• Yomiuri Editorial
  • Ukraine invasion

Putin’s failure to admit his mistake is prolonging the conflict

Russia refuses to admit its mistake in invading Ukraine. The situation in the war-torn country is becoming prolonged. The international community must reject Russia’s unreasonable claims and threats, and step up pressure on Moscow to bring the situation under control.

More than two months after the invasion, Russian forces are still launching attacks on civilian facilities and other targets in Ukraine in an attempt to expand their area of control, mainly in the eastern and southern parts of the country. The staunch resistance from the Ukrainian military continues. Back-and-forth battles are unlikely to change for the time being.

North Atlantic Treaty Organization Secretary General Jens Stoltenberg has referred to “the possibility that this war will drag on and last for months and years.” Russia may have been aiming to declare victory in the war against Ukraine on May 9 to coincide with Victory Day in Russia, the day Nazi Germany was defeated in 1945, but the end result appears to be a miscalculation.

All the responsibility lies with Russian President Vladimir Putin, who has refused to listen to harsh criticism from the international community and has not responded to attempts to resolve the situation through diplomacy.

When U.N. Secretary General Antonio Guterres visited Moscow and called on Russia to end the attacks, stating that the invasion was a violation of the U.N. Charter, Putin insisted that Ukraine was to blame. Putin also denied that Russian troops were massacring civilians.

The exchange between Guterres and Putin was broadcast on Russian television, giving the impression that Putin was threatening Guterres. Russia’s intention to use the talks as one-sided propaganda was obvious.

During Guterres’ subsequent visit to Kyiv, Russian missiles were fired at the Ukrainian capital. It was an outrageous challenge to the authority of the United Nations.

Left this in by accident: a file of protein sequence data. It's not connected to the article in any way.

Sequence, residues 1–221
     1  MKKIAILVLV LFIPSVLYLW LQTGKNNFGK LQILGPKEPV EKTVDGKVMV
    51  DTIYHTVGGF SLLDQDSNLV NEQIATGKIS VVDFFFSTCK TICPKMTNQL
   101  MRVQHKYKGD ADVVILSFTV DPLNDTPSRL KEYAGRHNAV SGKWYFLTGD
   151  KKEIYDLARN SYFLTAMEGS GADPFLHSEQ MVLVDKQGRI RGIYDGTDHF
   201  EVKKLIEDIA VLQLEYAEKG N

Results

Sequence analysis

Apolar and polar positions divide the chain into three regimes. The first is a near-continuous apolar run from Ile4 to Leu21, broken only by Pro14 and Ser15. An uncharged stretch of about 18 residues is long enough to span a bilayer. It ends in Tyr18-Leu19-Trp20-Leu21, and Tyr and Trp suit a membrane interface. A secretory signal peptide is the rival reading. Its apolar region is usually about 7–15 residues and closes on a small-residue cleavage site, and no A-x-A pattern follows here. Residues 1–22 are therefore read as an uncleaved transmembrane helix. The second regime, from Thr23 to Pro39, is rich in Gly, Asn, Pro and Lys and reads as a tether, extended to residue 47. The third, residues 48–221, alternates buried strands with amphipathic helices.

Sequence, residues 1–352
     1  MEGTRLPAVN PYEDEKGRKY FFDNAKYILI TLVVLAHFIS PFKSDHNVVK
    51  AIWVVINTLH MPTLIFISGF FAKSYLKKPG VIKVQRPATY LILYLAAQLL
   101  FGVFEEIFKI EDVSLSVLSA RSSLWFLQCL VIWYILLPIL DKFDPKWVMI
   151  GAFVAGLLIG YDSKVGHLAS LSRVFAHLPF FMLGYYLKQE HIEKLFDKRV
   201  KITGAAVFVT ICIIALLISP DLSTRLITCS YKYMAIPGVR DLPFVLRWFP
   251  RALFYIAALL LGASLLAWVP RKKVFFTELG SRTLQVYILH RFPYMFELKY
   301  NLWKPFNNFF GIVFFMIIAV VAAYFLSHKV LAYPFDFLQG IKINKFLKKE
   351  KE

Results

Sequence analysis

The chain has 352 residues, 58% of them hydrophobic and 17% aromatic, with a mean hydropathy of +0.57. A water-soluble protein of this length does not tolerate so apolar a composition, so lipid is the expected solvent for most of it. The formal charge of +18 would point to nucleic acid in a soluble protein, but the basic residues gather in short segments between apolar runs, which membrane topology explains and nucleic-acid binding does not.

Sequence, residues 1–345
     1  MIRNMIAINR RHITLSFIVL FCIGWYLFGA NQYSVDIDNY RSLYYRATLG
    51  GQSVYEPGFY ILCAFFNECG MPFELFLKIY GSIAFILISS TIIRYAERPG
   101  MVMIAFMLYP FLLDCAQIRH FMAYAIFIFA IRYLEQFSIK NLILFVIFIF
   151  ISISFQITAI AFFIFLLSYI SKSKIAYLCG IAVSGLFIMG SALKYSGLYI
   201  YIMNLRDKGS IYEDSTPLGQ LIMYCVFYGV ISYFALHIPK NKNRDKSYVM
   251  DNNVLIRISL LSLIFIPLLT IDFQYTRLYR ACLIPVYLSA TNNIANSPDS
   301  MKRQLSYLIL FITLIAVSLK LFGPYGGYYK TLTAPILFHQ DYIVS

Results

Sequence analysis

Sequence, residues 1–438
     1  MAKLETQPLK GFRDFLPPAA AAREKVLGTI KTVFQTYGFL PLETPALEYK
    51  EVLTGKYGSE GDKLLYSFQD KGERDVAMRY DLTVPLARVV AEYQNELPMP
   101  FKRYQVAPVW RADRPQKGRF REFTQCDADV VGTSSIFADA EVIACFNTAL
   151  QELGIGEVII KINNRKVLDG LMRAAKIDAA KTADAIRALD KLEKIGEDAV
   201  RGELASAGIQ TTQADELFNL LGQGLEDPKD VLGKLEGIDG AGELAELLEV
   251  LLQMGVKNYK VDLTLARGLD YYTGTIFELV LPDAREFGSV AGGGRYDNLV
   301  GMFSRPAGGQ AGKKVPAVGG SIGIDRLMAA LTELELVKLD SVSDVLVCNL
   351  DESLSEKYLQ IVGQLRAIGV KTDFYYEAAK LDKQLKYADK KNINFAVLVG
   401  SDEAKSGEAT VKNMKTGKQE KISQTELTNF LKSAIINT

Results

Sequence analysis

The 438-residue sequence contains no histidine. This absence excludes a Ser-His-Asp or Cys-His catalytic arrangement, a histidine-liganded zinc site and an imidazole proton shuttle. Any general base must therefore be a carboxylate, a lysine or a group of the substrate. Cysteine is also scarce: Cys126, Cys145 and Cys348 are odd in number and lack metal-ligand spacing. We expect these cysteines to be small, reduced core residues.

It is unacceptable that Russia is abdicating its responsibility as one of the permanent members of the U.N. Security Council — which plays a role in maintaining world peace — and undermining the international rules-based order.

Putin has also repeatedly threatened Western nations by indicting that he would use nuclear weapons if they intervene in Ukraine, saying, “Our retaliatory strikes will be lightning fast,” and “We have all the tools for this … that no one else can boast of having right now.” Such comments are abominable.

The international community needs to step up sanctions against Russia and strengthen support for Ukraine in preparation for a prolonged war. A situation must be created in which Putin will recognize the failure of the invasion and the weakening of Russia, and agree to a ceasefire or a total withdrawal of Russian troops.

Meanwhile, protecting civilians in Ukraine is a matter of urgency.

Evacuations have finally begun of people who had been seeking safety underground at a steel plant in the southeast Ukrainian city of Mariupol that is under siege by Russian troops. It is believed that Russia has responded to calls from the United Nations, but it remains to be seen whether all of the civilians will be able to escape into Ukrainian-controlled areas.

At the very least, Russia has a responsibility to stop attacking the steel plant and ensure evacuations can be conducted safely.

(From The Yomiuri Shimbun, May 4, 2022)